Gorban once said: I felt the inspiration not merely to paint something, but to paint in symbols .... The chief undercurrent of my art is life, what's around us. I try to depict what I see around me and respond to events .... I often paint people ... spontaneously, when I see something I like about a person. When I start painting I try to see beauty in every model. The dominant feature of his work is people – and the lives of peoples – in the broadest sense. His people include kings, priests, prophets and whores; and his everyday life includes daily routine, holidays, wars, destruction, and death.
Why is Gorban the artist so important today and what is his place in history? His example teaches us that in addition to a continuing artistic development – the change of dominant styles, the conflict between different points of view, and a constant renewal of means of expression – there are things in modern art whose importance is not directly connected with these dynamics. Gorban is interesting not as a representative of official or unofficial art; the value of his work does not reside in its innovation or its contemporary character. He would not have been admitted to any of the existing artistic circles of his day. At some point, the painter broke decisively with Socialist Realism, since its ethical viewpoint was unacceptable to him. However, official art did not become a matter of hostile or mocking reflection for him, as was often the case with many "unofficial" artists. Furthermore, Gorban remained a Realist, inspired by natural impressions that prevented him, to some extent, from materializing the abstract ideas of his humanism.
In any case, Gorban managed to bring his simple but deeply felt philosophy of life to his art. The cornerstone of this philosophy is the value of human life, which the artist puts above the values of any epoch or ideology. Gorban is an artist of the people and he manages to convey people's real attitudes toward the milestone events of the 20th century. Gorban's historical view is realistic, sober, and, at the same time, strives for a deep and overarching understanding. This ability to combine realism and philosophy, to maintain his individuality and speak on behalf of the people, makes Gorban, in equal parts, a lonesome and distinguished artist of his times.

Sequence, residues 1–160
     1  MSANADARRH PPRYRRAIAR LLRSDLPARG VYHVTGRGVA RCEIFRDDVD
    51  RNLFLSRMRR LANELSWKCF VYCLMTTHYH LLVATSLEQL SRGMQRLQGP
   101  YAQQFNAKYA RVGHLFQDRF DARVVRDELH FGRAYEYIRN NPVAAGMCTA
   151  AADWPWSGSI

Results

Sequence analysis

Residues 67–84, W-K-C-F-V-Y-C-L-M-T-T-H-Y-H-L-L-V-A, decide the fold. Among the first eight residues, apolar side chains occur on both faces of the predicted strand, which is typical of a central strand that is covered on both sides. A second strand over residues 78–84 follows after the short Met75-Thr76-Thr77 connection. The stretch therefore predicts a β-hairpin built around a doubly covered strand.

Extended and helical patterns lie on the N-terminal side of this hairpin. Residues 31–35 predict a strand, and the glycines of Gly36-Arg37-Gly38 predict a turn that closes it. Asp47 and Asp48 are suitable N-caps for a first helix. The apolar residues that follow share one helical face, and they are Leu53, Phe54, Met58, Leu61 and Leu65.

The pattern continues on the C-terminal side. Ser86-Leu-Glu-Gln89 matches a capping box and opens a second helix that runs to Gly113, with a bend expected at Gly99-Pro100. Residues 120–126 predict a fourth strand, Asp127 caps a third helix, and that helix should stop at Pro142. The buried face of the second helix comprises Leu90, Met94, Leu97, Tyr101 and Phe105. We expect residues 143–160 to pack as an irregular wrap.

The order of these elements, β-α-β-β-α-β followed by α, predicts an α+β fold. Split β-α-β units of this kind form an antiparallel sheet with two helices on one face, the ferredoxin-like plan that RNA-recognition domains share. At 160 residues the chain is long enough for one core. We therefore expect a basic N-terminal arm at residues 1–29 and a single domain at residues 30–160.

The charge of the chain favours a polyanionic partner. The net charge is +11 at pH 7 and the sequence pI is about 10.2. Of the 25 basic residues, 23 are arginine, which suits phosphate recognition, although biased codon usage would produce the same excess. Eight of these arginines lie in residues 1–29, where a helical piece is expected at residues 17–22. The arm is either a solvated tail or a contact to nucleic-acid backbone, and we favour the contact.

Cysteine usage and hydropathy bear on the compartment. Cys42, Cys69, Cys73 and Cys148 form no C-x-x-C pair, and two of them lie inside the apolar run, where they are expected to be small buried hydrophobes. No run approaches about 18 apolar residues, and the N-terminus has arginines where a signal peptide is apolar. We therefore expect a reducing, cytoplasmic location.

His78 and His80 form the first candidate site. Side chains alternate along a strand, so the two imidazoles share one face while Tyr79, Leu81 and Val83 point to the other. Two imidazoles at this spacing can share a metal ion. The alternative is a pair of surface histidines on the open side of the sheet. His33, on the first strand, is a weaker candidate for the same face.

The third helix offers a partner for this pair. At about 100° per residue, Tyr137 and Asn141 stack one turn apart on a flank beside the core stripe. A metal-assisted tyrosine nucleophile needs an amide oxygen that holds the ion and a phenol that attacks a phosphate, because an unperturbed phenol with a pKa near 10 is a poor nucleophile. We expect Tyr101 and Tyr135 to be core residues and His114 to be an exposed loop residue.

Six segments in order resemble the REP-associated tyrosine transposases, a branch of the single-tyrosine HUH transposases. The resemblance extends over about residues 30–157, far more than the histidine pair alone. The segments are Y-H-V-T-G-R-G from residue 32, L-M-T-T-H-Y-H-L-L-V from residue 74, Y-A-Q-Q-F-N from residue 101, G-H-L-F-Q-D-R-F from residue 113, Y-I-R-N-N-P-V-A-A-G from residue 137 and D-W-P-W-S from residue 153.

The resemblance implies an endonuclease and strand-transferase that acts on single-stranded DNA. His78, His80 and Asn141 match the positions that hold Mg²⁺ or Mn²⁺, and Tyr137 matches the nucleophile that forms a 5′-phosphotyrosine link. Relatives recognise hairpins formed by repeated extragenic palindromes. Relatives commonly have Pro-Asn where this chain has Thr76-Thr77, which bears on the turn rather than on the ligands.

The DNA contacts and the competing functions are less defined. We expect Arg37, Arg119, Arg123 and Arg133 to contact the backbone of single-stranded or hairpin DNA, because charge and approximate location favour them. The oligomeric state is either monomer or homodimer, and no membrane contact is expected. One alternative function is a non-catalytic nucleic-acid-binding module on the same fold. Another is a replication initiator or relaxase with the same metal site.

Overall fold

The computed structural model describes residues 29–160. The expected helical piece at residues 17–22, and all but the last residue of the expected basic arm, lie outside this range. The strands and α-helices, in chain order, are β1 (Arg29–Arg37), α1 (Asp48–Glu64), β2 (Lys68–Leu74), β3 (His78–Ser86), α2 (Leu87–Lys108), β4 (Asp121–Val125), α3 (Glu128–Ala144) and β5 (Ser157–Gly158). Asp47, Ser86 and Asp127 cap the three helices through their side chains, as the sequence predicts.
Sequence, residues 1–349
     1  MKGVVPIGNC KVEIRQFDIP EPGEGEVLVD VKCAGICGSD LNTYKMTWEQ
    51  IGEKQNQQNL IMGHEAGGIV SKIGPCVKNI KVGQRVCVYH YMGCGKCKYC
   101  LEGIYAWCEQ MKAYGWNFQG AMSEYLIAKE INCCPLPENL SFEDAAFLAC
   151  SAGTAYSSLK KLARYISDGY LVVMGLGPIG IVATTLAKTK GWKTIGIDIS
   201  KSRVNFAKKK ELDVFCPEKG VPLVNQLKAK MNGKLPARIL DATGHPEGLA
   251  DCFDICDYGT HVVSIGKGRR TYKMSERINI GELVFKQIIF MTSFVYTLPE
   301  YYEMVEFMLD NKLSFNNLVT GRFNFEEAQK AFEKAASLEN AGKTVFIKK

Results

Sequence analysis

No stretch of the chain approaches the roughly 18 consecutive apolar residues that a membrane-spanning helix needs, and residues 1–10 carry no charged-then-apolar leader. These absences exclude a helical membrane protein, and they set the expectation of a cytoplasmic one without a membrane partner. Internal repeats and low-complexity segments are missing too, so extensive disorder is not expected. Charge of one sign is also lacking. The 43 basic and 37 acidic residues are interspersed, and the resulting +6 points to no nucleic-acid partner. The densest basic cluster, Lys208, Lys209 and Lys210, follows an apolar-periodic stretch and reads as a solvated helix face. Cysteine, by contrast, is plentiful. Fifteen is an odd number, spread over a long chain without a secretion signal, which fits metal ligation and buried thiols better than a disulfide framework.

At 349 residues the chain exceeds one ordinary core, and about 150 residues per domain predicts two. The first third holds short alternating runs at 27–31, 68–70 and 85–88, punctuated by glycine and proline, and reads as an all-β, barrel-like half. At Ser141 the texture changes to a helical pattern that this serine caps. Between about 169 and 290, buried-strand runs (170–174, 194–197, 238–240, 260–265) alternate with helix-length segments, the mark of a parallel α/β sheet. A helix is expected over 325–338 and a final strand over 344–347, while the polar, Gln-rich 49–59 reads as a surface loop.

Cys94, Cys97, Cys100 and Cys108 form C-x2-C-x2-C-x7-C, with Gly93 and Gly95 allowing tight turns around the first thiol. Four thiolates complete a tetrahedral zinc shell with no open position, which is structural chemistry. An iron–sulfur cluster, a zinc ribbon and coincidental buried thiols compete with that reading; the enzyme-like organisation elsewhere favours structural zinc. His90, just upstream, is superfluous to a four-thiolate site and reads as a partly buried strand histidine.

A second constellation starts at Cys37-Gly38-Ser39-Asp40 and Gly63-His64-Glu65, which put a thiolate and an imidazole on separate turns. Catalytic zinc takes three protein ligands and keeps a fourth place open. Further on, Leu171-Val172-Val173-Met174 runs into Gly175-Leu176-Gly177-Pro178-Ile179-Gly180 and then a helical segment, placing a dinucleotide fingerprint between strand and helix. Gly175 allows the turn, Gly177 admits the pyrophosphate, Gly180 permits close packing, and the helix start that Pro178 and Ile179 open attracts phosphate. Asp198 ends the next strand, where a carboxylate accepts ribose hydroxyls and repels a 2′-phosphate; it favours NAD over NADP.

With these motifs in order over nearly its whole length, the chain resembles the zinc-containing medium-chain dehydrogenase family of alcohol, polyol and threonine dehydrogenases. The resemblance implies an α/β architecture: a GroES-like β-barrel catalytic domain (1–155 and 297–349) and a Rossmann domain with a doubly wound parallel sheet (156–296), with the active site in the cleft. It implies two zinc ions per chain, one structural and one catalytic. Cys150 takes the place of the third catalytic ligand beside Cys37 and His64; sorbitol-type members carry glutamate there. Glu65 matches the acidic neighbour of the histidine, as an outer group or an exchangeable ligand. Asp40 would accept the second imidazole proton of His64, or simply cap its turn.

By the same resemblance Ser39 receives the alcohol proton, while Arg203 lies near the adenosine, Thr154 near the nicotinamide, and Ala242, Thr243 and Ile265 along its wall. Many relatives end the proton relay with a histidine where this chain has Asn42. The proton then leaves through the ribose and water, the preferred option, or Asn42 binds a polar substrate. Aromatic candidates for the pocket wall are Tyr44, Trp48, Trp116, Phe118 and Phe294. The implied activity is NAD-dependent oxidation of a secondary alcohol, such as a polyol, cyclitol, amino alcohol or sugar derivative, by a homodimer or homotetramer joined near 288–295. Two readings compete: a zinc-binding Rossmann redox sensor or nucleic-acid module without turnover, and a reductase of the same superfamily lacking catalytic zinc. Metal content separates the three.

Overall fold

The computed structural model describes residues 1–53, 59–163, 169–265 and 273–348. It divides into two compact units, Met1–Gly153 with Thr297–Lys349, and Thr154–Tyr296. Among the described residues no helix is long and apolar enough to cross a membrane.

The art works by Pyotr Gorban shown in this exhibition can be divided into two groups; firstly the big canvasses showing the perpetually self-repeating tragedies of mankind and secondly the various flashlights shone on everyday life, on markets, streets, people meeting people at events – partly from the period when the artist was travelling around the North Caucasus, a melting pot of different cultures and religions.
Erarta is delighted to be able to present this extraordinary artist whose impressive works have already found their place in the world of art.
Notes for the editor:
Pyotr Gorban was born in 1923 in Stavropol, located between the Caspian Sea and the Black Sea. He studied and later taught at the Krasnodar art college. Towards the end of his life, he concentrated on biblical scenes. Pyotr Gorban died in the autumn of 1995, leaving behind him a rich heritage. His work has been featured in numerous group exhibitions in Russia and can be found in many public and private collections across the country.
Please also refer to the Erarta catalogue Pyotr Gorban: Sole Theme – Humanity written by Mikhail Ovchinnikov.
(A. Herrmann, 6.3.2012)